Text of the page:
• the design of online and blended learning and development of relevant pedagogies
  • the application of computational methods and analytical techniques to understanding learning and instruction.

I want to better understand how students learn in online and blended learning contexts to help educators and practitioners better use this knowledge. I also hope to design innovative instructional tools to foster learner engagements.

How is the field of online teaching changing? Do you think it could replace face-to-face teaching?

At the early stage of online education, instructors tended to utilize traditional instructor-centered methods. Now, online teaching is changing to be more democratic, where instructors play a more symmetrical, participatory role with students. Students transform from the passive recipient of information and knowledge in the traditional instruction context to critical constructors of knowledge under their own autonomy.

Overall, the ultimate goal of education always stays the same, no matter the format: to nurture responsibility and initiative in learners, to build diversity and openness in the learning environments, and to help learners become self-directed and reflective. Therefore, I don’t think we need to replace one format with another. Instead, we as educators need to think about how to empower learners to view themselves as individuals who can shape their fields of interest, make action to achieve their personal and professional goals, and help people in their communities to grow and develop.

Which resources have you found through the department to help with your research?

I have benefited from department traveling funding, research workshops, involvement in research day, graduate student associations, and interactions with faculty in the department.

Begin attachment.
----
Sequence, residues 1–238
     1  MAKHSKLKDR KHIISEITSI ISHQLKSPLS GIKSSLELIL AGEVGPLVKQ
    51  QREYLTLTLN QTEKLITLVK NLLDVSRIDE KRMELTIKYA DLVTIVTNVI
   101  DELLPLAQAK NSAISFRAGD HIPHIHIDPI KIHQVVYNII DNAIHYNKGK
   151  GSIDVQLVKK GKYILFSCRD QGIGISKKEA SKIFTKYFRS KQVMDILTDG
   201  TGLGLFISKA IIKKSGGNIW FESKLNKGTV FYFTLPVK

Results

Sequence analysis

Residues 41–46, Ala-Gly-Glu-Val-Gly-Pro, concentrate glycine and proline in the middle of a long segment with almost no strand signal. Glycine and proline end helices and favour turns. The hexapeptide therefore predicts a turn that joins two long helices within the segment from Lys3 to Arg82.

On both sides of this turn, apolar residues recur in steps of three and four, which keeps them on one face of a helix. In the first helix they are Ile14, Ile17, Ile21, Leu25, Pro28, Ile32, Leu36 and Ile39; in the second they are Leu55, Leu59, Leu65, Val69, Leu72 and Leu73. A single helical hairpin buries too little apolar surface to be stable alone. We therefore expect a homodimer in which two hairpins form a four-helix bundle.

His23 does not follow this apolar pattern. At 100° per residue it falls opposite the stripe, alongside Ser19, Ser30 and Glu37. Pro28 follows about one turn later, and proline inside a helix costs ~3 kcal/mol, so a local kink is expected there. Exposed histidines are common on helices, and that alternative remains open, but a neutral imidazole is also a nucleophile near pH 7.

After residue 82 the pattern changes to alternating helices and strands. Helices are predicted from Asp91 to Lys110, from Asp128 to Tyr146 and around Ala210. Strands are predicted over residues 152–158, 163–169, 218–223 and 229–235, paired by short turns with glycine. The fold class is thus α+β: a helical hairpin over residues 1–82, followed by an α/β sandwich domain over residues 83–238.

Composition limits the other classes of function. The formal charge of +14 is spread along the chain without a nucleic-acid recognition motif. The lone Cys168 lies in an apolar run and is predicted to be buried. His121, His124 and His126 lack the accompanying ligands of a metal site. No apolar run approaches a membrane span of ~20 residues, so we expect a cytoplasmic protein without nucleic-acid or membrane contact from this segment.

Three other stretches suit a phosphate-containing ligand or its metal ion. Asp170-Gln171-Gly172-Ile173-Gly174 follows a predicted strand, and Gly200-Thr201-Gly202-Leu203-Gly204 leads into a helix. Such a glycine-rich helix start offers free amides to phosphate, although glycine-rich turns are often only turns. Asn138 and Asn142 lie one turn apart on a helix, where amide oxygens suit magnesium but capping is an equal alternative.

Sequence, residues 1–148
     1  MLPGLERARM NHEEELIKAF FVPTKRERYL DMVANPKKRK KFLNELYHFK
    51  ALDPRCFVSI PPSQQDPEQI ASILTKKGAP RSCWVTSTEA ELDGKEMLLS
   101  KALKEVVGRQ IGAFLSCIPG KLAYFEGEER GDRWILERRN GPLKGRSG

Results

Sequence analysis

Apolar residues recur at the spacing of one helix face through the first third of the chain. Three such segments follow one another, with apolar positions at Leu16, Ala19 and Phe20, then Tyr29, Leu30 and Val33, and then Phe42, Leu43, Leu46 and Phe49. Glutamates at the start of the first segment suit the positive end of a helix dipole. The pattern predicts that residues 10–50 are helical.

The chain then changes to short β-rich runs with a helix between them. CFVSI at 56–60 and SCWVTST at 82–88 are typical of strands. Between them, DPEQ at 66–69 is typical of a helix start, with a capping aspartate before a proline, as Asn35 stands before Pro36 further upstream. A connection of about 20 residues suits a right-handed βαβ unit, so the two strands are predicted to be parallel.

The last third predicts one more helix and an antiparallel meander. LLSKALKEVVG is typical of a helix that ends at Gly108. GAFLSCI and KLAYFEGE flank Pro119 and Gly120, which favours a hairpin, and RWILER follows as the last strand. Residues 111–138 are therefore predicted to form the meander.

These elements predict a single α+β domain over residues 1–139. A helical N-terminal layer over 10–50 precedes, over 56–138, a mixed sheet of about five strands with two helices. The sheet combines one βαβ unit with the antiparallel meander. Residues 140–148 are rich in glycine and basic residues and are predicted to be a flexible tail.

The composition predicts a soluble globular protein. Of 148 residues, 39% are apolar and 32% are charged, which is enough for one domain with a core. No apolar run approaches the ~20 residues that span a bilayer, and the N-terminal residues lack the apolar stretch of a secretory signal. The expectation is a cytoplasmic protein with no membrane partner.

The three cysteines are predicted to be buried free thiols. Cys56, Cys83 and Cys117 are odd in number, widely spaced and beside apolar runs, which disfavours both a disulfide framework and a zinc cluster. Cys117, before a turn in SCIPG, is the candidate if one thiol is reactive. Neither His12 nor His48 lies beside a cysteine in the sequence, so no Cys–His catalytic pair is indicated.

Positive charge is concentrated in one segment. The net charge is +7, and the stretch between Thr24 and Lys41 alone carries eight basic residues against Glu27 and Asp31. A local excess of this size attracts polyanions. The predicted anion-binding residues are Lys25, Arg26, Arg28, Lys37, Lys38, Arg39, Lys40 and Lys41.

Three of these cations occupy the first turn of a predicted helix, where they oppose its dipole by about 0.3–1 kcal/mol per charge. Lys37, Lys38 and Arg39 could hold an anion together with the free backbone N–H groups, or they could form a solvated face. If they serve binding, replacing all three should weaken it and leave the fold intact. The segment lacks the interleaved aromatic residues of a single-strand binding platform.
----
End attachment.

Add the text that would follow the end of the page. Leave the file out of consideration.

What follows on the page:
Any other thoughts you want to share about your experience?

During my Ph.D. study here in U.S., I have made efforts to cultivate four characteristics in myself: life-long learning (being eager to learn), capacity (being accessible, positive, and resourceful), entrepreneurship (being critical, innovative, and open-minded), and collaboration (being trustful, supportive, and collegial). I think this mindset has laid a positive foundation for my Ph.D. journey.

Learn more about the Learning Technologies programs in the Department of Curriculum and Instruction.

 

C&I receives several STEM and technology research grants

The Department of Curriculum and Instruction, known nationally and internationally for cutting-edge research in education, received grant awards for several research projects this summer in the fields of STEM education and Learning Technologies.

Associate professor in the Learning Technologies program, Bodong Chen, received $169,041 grant from the National Science Foundation (NSF) to continue his work over the next two years on “Cyberlearning: Connecting Web Annotations and Progressive Online Discourse in Science Classrooms.”

Julie Brown, an assistant professor in C&I’s STEM Education Program, received $1,022,146 from NSF over three years for her work with Keisha Varma on “ESPRIT: fostering Equitable Science through Parental Involvement and Technology.”